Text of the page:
Part B: Merryweather: You remember Merryweather. Blue fairy, gets shafted the less interesting tasks like cleaning while others make cakes and dresses and create crowns. Seems a bit sharper than the others, often pointing out flaws in ideas before others spot them. Got a bit of a temper on her and tries to bullrush someone who’s making her angry like a tiny blue bulldog on more than one occasion. Altogether, harmless enough. Right?


First off, I want to take a moment to point out a conversation early in the movie (precisely one of those parts I didn’t pay attention to as a kid):

Flora: I’ll turn her into a flower.

Merryweather: Maleficent?

Flora: [chuckles] No, no, dear. The princess.

Fauna: Oh, she’d make a lovely flower.

Flora: Don’t you see? A flower can’t prick its finger.

Merryweather: It hasn’t any.

Fauna: That’s right.

Flora: She’ll be perfectly safe.

Merryweather: Until Maleficent sends a frost.

Flora: [laughs, then stops abruptly] Yes… oh dear.

Fauna: She always ruins your nicest flowers.

I think this goes to show just how curiously inhuman they are. They think nothing of turning a sentient being into a plant to “save” her, although it reads more as just wanting to find a way to somehow thwart Maleficent, the well being of the humans in play here being secondary. It’s like a power play between them (well, I say 'almost’. Really, the line about maleficent ruining Flora’s flowers shows that power plays ranging from prank wars to major conflicts are a consistent thing between them.). They only discard the idea until Merryweather points out Maleficent would have other ways of ruining a flower.

This show of… inhumanity, or lapse of human-like morality is curious, given that just earlier in the conversation..

Merryweather: I’d like to turn her into a fat ol’ - hop toad.

Fauna: Now, dear, that isn’t a very nice thing to say.

Flora: Besides, we can’t. You know our magic doesn’t work that way.

Fauna: It can only do good, dear, to bring joy and happiness.

Merryweather: Well, *that* would make *me* happy.

It’s almost like they do not, in fact, have an ingrained sense of morality similar to a human’s and their morality system is entirely different. They’re the self-proclaimed “good fairies” because they try to limit themselves to doing things that humans find good, because otherwise, what difference is there between them and Maleficent?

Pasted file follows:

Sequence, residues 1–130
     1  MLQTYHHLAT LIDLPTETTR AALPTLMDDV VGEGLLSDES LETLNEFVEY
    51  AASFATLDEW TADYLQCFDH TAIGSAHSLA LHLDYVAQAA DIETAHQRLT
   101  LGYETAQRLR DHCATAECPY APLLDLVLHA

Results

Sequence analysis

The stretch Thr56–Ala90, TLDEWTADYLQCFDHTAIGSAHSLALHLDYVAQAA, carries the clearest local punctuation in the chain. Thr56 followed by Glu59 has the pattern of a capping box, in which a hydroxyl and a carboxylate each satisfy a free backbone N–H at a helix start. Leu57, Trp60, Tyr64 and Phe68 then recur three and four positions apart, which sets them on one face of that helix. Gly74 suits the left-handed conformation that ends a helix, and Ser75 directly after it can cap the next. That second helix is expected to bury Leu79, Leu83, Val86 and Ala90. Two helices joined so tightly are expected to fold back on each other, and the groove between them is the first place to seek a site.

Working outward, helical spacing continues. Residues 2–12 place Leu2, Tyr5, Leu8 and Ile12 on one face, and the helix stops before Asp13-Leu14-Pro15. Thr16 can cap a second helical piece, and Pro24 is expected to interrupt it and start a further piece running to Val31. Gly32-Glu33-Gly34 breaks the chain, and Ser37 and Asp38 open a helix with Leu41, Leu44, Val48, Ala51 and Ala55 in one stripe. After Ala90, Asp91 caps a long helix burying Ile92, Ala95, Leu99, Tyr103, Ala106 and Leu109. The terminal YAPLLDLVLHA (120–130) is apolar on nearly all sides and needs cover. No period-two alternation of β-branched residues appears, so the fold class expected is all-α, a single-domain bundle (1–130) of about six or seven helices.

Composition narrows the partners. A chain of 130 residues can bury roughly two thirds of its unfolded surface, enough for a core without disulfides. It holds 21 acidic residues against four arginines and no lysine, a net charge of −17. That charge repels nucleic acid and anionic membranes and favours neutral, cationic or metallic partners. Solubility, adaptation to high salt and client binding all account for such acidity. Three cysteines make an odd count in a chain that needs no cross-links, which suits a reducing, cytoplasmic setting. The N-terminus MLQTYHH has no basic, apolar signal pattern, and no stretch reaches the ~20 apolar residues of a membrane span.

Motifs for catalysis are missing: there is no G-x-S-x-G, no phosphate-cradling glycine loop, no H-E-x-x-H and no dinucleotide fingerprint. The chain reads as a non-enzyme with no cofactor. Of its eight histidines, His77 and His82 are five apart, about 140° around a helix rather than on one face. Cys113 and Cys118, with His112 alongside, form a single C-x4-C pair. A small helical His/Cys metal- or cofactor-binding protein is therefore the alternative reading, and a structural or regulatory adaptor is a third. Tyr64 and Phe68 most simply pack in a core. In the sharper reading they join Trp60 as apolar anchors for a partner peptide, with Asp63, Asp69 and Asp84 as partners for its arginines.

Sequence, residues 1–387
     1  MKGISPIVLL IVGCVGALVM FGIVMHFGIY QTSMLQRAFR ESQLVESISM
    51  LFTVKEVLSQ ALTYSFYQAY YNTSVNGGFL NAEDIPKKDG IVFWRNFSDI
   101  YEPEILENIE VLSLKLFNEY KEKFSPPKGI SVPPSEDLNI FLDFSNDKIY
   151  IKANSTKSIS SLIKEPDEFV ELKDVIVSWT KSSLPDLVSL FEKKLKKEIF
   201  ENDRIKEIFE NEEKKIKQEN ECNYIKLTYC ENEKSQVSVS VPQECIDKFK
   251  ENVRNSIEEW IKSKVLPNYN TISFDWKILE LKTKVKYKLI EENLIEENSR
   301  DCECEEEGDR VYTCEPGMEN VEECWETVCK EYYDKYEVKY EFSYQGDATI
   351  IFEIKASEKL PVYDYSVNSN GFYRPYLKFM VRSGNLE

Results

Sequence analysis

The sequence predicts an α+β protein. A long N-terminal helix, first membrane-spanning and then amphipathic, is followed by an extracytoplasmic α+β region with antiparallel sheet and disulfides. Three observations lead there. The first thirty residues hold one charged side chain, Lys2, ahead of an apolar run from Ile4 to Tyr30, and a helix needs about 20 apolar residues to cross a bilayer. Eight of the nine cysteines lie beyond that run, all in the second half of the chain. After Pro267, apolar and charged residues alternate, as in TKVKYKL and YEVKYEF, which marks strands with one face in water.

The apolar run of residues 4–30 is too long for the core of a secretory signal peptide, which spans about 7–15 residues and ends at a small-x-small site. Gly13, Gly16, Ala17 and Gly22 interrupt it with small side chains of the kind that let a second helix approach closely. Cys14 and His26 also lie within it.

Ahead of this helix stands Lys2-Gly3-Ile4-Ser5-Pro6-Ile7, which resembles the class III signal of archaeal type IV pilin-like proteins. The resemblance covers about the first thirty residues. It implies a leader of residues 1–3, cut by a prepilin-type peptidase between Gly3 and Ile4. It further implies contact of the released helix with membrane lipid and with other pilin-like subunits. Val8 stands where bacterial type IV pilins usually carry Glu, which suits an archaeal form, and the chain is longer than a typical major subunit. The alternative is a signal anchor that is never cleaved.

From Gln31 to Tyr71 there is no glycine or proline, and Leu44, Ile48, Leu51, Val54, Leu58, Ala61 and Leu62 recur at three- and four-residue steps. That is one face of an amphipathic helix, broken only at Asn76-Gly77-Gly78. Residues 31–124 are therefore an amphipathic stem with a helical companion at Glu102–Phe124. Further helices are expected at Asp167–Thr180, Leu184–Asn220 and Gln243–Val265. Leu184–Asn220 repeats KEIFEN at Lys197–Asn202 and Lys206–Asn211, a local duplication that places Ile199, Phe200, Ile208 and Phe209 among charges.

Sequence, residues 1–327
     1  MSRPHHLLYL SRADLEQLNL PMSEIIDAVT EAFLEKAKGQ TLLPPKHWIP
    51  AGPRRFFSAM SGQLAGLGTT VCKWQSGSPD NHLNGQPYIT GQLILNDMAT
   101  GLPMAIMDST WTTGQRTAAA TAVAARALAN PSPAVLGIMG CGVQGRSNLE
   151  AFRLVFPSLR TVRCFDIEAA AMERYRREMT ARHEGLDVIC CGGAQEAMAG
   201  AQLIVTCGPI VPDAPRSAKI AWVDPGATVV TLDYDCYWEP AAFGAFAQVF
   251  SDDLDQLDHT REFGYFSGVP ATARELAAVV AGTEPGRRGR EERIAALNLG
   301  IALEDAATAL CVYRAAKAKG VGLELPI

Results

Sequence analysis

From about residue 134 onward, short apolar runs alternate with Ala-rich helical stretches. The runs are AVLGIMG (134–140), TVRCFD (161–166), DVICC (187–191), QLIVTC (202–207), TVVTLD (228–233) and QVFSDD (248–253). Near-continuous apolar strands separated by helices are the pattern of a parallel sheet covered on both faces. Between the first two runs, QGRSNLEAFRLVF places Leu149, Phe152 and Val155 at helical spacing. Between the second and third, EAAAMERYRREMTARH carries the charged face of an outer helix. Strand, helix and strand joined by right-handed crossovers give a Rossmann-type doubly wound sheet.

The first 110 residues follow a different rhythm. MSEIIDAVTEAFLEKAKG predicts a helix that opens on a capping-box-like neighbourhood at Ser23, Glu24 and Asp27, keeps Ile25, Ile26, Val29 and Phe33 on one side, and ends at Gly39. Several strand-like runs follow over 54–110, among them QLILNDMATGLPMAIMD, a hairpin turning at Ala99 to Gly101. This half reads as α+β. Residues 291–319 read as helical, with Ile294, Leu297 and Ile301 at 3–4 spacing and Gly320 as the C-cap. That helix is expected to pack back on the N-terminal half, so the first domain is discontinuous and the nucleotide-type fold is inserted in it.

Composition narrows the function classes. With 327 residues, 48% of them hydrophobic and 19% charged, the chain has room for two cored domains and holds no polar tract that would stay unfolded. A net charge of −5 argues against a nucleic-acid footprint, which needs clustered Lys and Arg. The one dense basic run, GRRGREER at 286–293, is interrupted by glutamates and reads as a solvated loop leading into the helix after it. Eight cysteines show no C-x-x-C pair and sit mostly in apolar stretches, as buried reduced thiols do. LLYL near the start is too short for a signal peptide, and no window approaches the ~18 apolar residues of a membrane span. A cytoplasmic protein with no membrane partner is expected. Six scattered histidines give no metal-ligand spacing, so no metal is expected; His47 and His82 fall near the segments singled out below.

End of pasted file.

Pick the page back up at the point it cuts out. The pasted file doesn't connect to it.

This is also another example of Merryweather being just a little too trigger-happy, just a little too dark for what a “good fairy” is supposed to be Fortunately, nothing ever comes of that, and nothing sinister happens to show she might be-

External image

Oh. Uh. Nevermind, then.

Turning Maleficent’s pet crow to stone (and irreversibly, too, because if Maleficent had been able to turn him back, she sure as hell would have) rather than less fatal means of containing him seems a tad… extreme, doesn’t it? It’s certainly not the sort of thing that brought anyone joy and happiness unless you count satisfying Merryweather’s vindictive side. Clearly that “our magic doesn’t work that way” is less “doesn’t” and more “shouldn’t”, pointing to a divide between them and “evil” fairies that is entirely constructed and self-imposed.

And that’s about it for this ramble. Potential things to take away:

1. This has been a short compilation of hints in the story that depict fairies as an Other with Blue and Orange Morality, inhuman at their core (though it’s possible and even likely that the sixteen years spent raising Aurora without magic influenced them, certainly they seem to  have a lot more empathy for the emotional state of Aurora’s parents and Aurora herself by the end of it). I think it’s pretty interesting because the fairies seem like archtypical helpful magical entities on the surface, but show far more depth and complexity than, say, the fairy from Pinocchio or the fairy godmother from Cinderella.

2. Now I really want a sequel in which Merryweather has gone dark and is growing into the new Mistress of Evil, fuelled by feeling like she can do no wrong and her wanting to change things is justified, as well as by the little petty mistreatment she’s put up with from the other two “good” fairies.

(And THEN she’ll be able to turn EVERYTHING blue. >:{D )

That is all.


New in the Birdcage Bottom Books shop:

Paul Hoppe’s “Tales To Behold #2”

Created under THE BEHOLDER persona, this spin-off series picks up steam with a double-feature issue that also contains various bonus stories to expand the BEHOLDER universe.
In the first story, Captain Evening and his new collaborator Jenny Everywhere encounter Merv The Griffin, a Demon of Vengeance. In the second story, Captain Evening’s odd super-team enlists another compatriot, Armstrong Fatbuckle a.k.a. the Worst Man in the World. Also, he’s a living skeleton. Featuring the first appearances of of Dr Brain’s daughter Jesse, the awesome Centennia, the evil Nefario, a sausage golem and Evil Cloak.

6″ x 9″, 32 pages. $5
Full-color cover with b&w interior